Salvage chemotherapy for recurrent germ cell cancer

C. R. Nichols, B. J. Roth, P. J. Loehrer, S. D. Williams, L. H. Einhorn

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39 Scopus citations


Clinical trials of chemotherapy in germ cell cancer have explored the full range of the relationship of chemotherapy dose and intensity. In good-risk patients, successful efforts have diminished the duration of treatment or number of drugs required to reliably cure the illness. In patients with a poor prognosis, efforts to intensify therapy have been undertaken. In the setting of disease recurrence after primary chemotherapy, the outlook is considerably less hopeful, as only 20% to 30% of patients survive recurrent illness. Current standard treatment in this setting is combination therapy with ifosfamide and cisplatin, given with either etoposide or vinblastine. High-dose chemotherapy with bone marrow or peripheral blood stem cell support can cure a small portion of selected patients with multiple recurrences of germ cell cancer. The impact of earlier treatment with high-dose chemotherapy (either as initial salvage therapy or primary treatment) is less certain. Clinical trials in these settings have not yet demonstrated a definite advantage over less toxic conventional-dose therapies.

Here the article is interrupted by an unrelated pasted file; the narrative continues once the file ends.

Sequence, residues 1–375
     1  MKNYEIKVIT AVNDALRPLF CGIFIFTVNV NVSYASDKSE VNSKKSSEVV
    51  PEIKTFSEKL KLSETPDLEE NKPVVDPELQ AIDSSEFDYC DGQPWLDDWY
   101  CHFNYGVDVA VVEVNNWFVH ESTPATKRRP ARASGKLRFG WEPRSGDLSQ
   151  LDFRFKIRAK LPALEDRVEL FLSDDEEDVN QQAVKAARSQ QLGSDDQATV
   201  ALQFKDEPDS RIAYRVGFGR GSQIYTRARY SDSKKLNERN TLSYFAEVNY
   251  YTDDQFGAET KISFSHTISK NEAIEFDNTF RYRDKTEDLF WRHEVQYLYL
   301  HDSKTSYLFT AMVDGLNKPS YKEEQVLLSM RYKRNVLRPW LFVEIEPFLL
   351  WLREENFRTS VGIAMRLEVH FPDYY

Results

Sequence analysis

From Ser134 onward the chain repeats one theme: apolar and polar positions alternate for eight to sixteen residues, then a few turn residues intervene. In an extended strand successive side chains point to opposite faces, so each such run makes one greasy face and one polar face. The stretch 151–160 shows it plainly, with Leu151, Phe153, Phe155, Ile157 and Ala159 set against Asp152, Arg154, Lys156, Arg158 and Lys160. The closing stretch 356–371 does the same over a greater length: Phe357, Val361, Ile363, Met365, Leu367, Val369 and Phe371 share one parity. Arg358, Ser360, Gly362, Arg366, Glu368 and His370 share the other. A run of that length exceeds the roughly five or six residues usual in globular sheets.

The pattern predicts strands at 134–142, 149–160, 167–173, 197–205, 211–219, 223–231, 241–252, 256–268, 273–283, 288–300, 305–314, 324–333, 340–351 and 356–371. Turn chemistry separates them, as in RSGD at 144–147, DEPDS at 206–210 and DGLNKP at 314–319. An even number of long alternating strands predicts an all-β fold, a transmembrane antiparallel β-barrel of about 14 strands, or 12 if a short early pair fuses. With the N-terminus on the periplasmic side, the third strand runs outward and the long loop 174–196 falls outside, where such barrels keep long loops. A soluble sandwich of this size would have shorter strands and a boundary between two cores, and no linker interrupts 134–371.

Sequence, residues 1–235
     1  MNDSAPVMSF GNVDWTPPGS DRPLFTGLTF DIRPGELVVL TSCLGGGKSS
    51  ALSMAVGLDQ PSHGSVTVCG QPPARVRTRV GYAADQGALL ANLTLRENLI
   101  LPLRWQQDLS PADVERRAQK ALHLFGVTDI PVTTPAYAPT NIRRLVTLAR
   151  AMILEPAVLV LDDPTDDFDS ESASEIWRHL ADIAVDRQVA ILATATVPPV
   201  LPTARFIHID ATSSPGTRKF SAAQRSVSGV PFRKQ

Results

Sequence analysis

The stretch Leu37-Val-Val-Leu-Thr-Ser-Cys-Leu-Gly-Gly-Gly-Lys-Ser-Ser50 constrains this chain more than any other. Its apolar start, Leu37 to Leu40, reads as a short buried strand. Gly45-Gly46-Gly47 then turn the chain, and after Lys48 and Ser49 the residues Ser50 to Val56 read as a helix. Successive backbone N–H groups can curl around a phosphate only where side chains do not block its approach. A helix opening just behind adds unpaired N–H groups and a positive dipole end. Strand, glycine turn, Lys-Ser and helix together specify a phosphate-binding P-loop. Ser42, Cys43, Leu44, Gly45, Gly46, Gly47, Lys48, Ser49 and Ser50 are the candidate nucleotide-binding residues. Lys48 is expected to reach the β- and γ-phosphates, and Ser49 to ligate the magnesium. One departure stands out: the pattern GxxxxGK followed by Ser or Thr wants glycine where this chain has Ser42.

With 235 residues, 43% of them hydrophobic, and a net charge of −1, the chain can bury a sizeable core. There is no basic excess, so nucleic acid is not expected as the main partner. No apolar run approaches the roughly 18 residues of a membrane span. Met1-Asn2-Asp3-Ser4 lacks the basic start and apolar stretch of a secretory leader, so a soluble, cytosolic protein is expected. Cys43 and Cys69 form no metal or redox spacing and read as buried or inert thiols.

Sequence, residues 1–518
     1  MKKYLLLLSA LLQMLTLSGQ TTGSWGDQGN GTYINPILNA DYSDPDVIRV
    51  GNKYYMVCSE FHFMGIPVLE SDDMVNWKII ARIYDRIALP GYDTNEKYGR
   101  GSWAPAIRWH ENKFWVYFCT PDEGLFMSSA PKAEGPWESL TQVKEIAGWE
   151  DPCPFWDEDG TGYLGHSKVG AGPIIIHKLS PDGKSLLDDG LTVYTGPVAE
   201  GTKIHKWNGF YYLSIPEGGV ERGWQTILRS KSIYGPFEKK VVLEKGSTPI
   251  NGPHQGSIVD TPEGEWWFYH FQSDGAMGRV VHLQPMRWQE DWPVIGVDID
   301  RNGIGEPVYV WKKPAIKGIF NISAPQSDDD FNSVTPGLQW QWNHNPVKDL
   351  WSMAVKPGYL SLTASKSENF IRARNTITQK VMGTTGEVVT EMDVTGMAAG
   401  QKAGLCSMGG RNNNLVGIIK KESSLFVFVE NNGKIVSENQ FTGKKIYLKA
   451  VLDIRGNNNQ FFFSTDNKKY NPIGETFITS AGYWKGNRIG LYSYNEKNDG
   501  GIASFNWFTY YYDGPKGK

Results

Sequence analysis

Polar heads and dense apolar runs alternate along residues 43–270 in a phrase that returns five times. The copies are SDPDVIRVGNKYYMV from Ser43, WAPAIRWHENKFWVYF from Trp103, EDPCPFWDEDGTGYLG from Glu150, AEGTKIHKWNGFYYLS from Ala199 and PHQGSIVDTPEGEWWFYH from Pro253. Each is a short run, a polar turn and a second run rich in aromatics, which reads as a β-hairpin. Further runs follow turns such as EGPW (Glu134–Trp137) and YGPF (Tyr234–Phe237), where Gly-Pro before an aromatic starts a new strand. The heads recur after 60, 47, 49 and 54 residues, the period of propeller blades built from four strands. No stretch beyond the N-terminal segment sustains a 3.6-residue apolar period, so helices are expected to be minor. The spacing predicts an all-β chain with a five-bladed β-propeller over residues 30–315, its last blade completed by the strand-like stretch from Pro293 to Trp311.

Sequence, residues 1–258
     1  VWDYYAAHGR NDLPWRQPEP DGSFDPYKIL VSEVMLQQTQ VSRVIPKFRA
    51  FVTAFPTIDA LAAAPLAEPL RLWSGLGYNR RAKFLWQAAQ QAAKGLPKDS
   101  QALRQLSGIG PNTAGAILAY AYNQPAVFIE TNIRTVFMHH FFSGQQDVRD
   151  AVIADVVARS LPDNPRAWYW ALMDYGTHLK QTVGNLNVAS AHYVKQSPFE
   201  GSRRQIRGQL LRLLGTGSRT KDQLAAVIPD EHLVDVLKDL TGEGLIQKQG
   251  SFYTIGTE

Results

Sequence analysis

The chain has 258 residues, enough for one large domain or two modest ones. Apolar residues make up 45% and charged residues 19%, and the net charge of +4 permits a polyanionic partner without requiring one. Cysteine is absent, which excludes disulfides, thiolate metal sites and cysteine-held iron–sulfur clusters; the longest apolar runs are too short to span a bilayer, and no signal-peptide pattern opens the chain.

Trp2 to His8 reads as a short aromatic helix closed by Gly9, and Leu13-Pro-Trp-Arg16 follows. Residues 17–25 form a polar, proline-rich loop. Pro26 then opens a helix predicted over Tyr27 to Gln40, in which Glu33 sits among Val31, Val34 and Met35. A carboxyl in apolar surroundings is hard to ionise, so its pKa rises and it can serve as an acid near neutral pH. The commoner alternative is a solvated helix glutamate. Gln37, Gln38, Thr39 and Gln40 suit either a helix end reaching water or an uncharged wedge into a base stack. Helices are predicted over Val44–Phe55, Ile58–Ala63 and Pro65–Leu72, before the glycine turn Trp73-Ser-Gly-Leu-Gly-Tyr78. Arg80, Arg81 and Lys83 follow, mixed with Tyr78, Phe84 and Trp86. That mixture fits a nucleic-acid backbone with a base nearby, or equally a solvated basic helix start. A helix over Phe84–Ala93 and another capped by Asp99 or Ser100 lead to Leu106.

Original languageEnglish
Pages (from-to)102-108
Number of pages7
JournalSeminars in Oncology
Issue number5 SUPPL. 12
StatePublished - Jan 1 1994


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